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Sergeant Major John L. Canley, who has received a recommendation from Congress to receive a Medal of Honor for his actions in the Battle of Hue City in 1968.
Image: Alpha Company website
According to Stars and Stripes, a retired Marine sergeant major who twice scaled a concrete wall unprotected and in full view of enemy fighters so he could move wounded troops to safety in the midst of the Battle of Hue during the Vietnam War will receive the Medal of Honor next month, the White House announced Tuesday.
President Trump will present the award to Canley, 80, for his actions during the Vietnam War in a ceremony on Oct. 17, making him the 300th Marine to receive the nation's highest military medal.
During the mission, the former gunnery sergeant was tasked with leading more than 140 men through an intense week-long battle to retake Hue City from Jan. 31 to Feb. 6, 1968.
His Navy Cross citation states that "When his company came under a heavy volume of enemy fire near the city of Hue [on Jan. 31], Gunnery Sergeant Canley rushed across the fire-swept terrain and carried several wounded Marines to safety," With his company commander seriously wounded, Canley assumed command and led the Marines while taking on heavy enemy fire.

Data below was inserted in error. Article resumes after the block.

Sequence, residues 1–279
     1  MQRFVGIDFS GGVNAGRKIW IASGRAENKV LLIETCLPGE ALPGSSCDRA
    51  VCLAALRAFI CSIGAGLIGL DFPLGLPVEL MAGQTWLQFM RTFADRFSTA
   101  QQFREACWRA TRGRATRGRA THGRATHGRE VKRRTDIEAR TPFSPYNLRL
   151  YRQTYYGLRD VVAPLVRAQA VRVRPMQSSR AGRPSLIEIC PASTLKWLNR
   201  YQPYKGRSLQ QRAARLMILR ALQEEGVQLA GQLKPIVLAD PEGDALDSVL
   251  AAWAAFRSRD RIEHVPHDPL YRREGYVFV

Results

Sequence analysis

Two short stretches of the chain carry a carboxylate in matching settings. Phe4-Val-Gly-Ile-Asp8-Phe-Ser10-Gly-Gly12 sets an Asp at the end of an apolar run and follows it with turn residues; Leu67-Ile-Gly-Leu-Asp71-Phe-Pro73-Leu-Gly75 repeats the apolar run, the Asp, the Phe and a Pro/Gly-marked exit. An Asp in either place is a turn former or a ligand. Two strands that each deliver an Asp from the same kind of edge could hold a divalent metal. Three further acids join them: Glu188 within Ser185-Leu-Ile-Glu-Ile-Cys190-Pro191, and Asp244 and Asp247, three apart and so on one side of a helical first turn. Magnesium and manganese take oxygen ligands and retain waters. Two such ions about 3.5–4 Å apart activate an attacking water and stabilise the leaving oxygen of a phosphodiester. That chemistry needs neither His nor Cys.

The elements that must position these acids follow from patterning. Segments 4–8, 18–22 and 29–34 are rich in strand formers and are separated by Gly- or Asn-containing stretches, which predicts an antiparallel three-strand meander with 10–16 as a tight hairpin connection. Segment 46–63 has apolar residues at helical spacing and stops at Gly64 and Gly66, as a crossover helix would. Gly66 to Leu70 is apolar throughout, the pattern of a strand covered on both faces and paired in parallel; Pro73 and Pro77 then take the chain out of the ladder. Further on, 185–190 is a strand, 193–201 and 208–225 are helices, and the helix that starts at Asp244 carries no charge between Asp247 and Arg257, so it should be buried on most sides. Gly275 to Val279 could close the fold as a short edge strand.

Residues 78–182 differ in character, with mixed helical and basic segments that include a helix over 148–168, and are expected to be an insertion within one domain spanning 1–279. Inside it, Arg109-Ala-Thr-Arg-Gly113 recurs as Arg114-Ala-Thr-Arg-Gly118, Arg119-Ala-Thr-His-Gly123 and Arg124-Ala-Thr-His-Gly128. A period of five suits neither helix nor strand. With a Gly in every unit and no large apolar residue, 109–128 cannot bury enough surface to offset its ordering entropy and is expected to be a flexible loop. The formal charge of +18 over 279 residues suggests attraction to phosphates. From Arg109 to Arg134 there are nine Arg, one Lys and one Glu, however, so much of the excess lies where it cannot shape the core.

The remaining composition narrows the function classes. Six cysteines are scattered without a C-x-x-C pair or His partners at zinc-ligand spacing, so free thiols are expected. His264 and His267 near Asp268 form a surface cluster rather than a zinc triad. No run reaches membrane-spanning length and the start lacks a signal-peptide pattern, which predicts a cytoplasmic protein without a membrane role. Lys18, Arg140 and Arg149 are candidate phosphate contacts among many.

For three days, "despite fierce enemy resistance, he succeeded in gaining a position immediately above the enemy strongpoint and dropped a large satchel charge into the position, personally accounting for numerous enemy killed," the citation continues.
Canley was only 19 years old at the time.
"On two occasions he leaped a wall in full view of the enemy, picked up casualties, and carried them to covered positions," the citation reads.
Vietnam veteran Sgt. Maj. John Canley, left, talks with another Marine during a Vietnam Veteran Pinning Ceremony on Sept. 7, 2018 in Charlotte, N.C., as part of Marine Week Charlotte.
Daniel Jean-Paul/US Marine Corps
It was Canley's words of encouragement that kept the Marines pressing on, despite sustaining casualties and having multiple team members wounded. Canley himself sustained shrapnel and other wounds during the days-long siege.
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